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Archive for the ‘Technology’ Category

A National Web Conference on Using Health IT To Improve Outcomes in Vulnerable and Disadvantaged Populations

Thursday, May 23rd, 2013

A National Web Conference on Using Health IT To Improve Outcomes in Vulnerable and Disadvantaged Populations
Date: June 3, 2013
Time: 10:30a.m-12:00 p.m., PST

Overall Purpose:
The Agency for Healthcare Research and Quality (AHRQ) has identified a gap in health care and public health practitioners’ knowledge of health IT using multiple mechanisms, including the findings of the continuing education (CE) planning group. This series of Webinars is designed to increase practitioners’ ability to improve health care decisionmaking, support patient-centered care, and improve the quality and safety of care through the use of health IT. Health IT can enhance self-management and quality of life for patients within traditionally vulnerable or disadvantaged populations. This session will review the methodology and implementation of interventions that improve the health and well-being of three groups: diabetes patients of a publicly funded clinic, minority low-income pediatric patients, and people with intellectual disability (ID).

Confirmed Speakers:

Margaret Handley, Ph.D., M.P.H., Associate Professor, University of California, San Francisco

Melissa Stockwell, M.D., M.P.H., Assistant Professor of Pediatrics and Population and Family Health, Columbia University

James Rimmer, Ph.D., Lakeshore Foundation Endowed Chair in Health Promotion and Rehabilitation Sciences, University of Alabama at Birmingham

Moderator:
Angela Nunley, M.S.Ed., Program Analyst, AHRQ

To Register:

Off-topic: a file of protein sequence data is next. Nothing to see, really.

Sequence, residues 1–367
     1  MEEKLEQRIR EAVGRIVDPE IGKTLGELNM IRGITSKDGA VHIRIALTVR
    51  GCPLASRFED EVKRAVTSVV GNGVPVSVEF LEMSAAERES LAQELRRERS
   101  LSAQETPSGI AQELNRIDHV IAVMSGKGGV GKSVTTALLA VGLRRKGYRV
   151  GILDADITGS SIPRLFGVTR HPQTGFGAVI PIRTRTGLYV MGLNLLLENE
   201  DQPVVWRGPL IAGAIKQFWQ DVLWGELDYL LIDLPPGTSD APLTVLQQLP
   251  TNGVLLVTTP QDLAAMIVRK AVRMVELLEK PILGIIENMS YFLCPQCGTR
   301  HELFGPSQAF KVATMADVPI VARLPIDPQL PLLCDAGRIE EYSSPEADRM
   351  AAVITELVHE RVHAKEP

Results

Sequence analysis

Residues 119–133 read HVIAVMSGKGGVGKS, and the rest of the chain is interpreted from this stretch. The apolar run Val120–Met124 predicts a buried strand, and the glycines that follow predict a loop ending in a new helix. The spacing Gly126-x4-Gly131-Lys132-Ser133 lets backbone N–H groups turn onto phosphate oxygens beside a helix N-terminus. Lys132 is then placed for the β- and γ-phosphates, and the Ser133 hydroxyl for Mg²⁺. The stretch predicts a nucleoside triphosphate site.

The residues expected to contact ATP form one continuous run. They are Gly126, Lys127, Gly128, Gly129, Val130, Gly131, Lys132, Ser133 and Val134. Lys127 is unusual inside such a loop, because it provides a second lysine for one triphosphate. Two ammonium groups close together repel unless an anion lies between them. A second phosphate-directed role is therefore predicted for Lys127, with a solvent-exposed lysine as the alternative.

1. Go to: https://ahrqnrc-conferences.webex.com/ahrqnrc-conferences/onstage/g.php?t=a&d=998308800
2. Select “Register.”
3. On the registration form, enter your information and then select “Submit.”

Once the host approves your registration, you will receive a confirmation email with instructions on how to join the event.

For assistance: Contact Jennifer Webb by email at jrwebb@rti.org or by phone at (919) 541-6746.

WISER for Android 2.0 Now Available from NLM

Friday, May 17th, 2013

The National Library of Medcine’s WISER for Android 2.0 is now available and can be installed directly from the Google Play Store: https://play.google.com/store/apps/details?id=gov.nih.nlm.wiser. What’s new in this release:

WISER now fully integrates content from the Chemical Hazards Emergency Medical Managment (CHEMM) website – http://chemm.nlm.nih.gov/

(more…)

Global Health Data Exchange Data Visualizations Released

Tuesday, March 5th, 2013

Today the Institute for Health Metrics and Evaluation (IHME) released several online tools to help users explore the wealth of health data found in their  Global Burden of Diseases, Injuries, and Risk Factors Study 2010.  IHME is a research institute at the University of Washington dedicated to independent and rigorous measurement and evaluation of global health data, with the goal of improving overall health by providing policymakers with data to improve decision making.  This study, (more…)

NLM’s DIMRC Apps and Mobile Web Pages

Tuesday, February 5th, 2013
The National Library of Medicine Disaster Information Management Research Center webpage of Disaster Apps and Mobile Web Pages was redesigned using responsive web design, which provides an optimal view across a range of devices – PC, tablet or smartphone. The content on the page automatically resizes and adjusts its content to fit the user’s device. NLM also used responsive design for its Gallery of Mobile Apps and Sites page.
NLM Gallery of Mobile Apps:  http://www.nlm.nih.gov/mobile/index.html

iPadxtravaganza: The Great PNR iPad Collaborative Learning Project

Thursday, January 31st, 2013